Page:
Southwest Pilot Projects Appointments

Department of Education (to March 26, 2013)

June 29, 2000 5:00 PM

An innovative education pilot project in the southwest region is
going forward following proclamation this week of amendments to
the Education Act.                                             

The former Southwest Regional School Board will be divided into
two district boards, with a chief executive officer to oversee
the project. Legislation enabling the project was officially
proclaimed Tuesday. It allows elected school board members to
focus on educational issues facing students and parents, while
the new CEO will administer facilities, transportation and human

"The pilot project will help school board members focus on the
things that make a difference for students in each of the two new
districts," Education Minister Jane Purves said. "It will also
help us find ways to move every possible dollar from
administration to the classroom."

Ms. Purves has appointed three well-regarded educators from the
southwest region to lead the pilot project.

The chief executive officer is Leroy Legere who moves from his
position as one of the two directors of schools for the Southwest
Region School Board. He is a former cabinet minister, but has
more than 30 years experience as an educator. Mr. Legere will
supervise and allocate budgets for the district boards and take
care of administrative services such as facilities and busing.

The two district school boards each have a new director of
education responsible for the delivery of education programs.

Phillip Landry, moves from regional education officer with the
Department of Education to director of education for the Tri-
County District School Board encompassing Shelburne, Digby, and
Yarmouth counties.

Hebbville School principal Steven Simpson, who has been principal
at a number of southwest area schools, moves to director of
education for the South Shore District School Board, which
includes Queens and Lunenburg counties.

All appointments are for three years.

Discussions are ongoing with former Southwest board
superintendent Ann Jones with respect to a future role in the
province's education system.

"These people have an intimate knowledge of the education system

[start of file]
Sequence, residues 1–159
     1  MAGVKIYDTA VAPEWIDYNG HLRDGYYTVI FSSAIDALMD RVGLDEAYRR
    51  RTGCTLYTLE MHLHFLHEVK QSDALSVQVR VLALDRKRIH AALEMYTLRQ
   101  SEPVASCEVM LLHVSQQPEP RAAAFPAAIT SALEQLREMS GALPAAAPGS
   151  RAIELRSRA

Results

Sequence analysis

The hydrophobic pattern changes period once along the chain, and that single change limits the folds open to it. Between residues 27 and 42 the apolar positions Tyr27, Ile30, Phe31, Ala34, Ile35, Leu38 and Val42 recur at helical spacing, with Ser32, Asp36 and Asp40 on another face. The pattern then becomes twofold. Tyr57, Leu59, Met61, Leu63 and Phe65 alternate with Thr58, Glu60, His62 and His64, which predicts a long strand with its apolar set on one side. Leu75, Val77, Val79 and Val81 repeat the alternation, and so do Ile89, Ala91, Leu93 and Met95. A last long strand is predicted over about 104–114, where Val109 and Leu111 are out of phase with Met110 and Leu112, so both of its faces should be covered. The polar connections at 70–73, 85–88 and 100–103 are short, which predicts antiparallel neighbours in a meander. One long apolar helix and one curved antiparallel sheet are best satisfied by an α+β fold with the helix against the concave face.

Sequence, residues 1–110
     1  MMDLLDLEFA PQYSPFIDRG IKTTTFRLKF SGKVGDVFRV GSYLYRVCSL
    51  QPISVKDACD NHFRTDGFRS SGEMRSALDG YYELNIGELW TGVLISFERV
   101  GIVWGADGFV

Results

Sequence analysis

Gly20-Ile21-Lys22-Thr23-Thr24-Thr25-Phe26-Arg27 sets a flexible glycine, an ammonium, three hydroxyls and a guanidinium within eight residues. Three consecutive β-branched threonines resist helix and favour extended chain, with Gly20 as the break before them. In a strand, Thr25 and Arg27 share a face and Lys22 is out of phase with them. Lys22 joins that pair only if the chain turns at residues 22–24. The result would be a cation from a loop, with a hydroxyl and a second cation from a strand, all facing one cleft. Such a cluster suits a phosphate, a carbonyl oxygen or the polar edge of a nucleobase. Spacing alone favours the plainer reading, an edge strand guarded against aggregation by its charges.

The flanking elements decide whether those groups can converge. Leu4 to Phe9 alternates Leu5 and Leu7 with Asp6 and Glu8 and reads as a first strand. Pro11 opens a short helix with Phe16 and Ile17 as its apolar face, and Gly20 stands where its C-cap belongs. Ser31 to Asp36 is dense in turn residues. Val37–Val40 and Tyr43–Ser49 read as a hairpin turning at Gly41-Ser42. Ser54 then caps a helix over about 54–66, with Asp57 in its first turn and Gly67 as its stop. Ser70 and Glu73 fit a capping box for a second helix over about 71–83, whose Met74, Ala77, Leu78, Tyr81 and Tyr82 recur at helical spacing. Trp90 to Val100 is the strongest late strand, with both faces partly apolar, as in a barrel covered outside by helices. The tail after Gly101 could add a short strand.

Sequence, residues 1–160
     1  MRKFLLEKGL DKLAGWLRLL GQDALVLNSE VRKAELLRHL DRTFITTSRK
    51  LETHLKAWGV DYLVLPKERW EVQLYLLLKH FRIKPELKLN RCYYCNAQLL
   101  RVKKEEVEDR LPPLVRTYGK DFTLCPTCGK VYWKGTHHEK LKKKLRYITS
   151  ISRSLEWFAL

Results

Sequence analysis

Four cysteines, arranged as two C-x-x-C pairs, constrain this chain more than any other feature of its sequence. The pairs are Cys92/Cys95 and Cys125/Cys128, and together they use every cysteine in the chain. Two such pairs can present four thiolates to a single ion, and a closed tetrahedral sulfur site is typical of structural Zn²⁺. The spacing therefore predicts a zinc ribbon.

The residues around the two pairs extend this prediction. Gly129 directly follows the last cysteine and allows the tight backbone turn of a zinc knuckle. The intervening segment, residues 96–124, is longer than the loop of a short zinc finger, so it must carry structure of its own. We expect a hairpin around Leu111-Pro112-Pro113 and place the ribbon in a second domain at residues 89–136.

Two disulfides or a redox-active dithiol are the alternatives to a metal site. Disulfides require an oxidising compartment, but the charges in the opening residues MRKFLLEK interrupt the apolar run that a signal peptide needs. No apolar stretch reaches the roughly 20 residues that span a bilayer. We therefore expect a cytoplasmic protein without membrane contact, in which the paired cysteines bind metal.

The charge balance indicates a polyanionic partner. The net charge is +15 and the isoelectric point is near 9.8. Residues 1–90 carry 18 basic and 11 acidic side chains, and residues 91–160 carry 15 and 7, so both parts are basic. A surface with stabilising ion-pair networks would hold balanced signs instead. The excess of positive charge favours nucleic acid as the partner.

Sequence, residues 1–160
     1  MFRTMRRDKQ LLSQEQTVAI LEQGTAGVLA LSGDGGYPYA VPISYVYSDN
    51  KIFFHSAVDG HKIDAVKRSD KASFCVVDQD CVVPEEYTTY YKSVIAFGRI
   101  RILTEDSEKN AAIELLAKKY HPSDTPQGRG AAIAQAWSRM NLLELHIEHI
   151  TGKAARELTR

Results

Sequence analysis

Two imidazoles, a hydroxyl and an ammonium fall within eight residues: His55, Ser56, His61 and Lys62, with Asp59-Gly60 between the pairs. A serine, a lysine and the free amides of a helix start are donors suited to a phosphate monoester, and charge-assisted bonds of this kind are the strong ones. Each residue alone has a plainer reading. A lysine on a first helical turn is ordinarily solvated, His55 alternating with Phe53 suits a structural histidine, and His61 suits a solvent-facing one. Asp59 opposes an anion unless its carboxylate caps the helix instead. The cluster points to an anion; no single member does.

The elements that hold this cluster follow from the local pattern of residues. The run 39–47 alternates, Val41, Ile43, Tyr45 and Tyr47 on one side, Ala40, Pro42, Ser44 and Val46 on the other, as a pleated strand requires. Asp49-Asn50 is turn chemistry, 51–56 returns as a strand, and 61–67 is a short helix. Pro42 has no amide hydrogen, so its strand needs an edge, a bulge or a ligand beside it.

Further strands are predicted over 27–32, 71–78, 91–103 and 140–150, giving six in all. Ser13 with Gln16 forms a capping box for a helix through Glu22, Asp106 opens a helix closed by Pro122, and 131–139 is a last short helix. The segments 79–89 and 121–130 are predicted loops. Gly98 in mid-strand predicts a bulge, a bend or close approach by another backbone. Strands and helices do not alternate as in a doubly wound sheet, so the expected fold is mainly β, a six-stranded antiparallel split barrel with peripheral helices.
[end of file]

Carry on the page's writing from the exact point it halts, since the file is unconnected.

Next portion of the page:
in southwest Nova Scotia," Ms. Purves said. "I am confident they
will be able to deliver the programs that students and
communities need, while making sure the school board is
accountable for spending and results."

The Government of Nova Scotia launched the pilot project in
response to the report of the Task Force on School Board
Boundaries, which recommended a new governance model for the
Southwest regional board.

Total funding for the southwest school system will be consistent
with funding for the existing Southwest Regional School Board.
Administrative costs will not increase and any savings will be
directed back into classroom programs. School board offices will
remain in Yarmouth and Bridgewater.

Elected school board members will continue to represent each of
the two districts. The current elected members of the board will
sit on the two district boards until school board elections in
the fall.


     An innovative education pilot project is going ahead in

southwest Nova Scotia.

     Three well-regarded educators from the area will lead the

project which divides the former Southwest Regional School Board

into two district boards.

     Leroy Legere is the chief executive officer of both with

overall responsibility for administrative services such as

facilities, busing and human resources.

     The two new district boards will each have a director of


     Hebbville School principal Steven Simpson heads the new

South Shore District Board.

     Phillip Landry, until now a regional education officer with

the education department, leads the Tri-County District Board.

     All appointments are for three years.


Contact: David Harrigan
         Department of Education

NOTE TO EDITORS: Biographies are available for Leroy Legere,
Phillip Landry, and Steven Simpson; please e-mail for a copy.

amc                      June 29, 2000 2:41 p.m.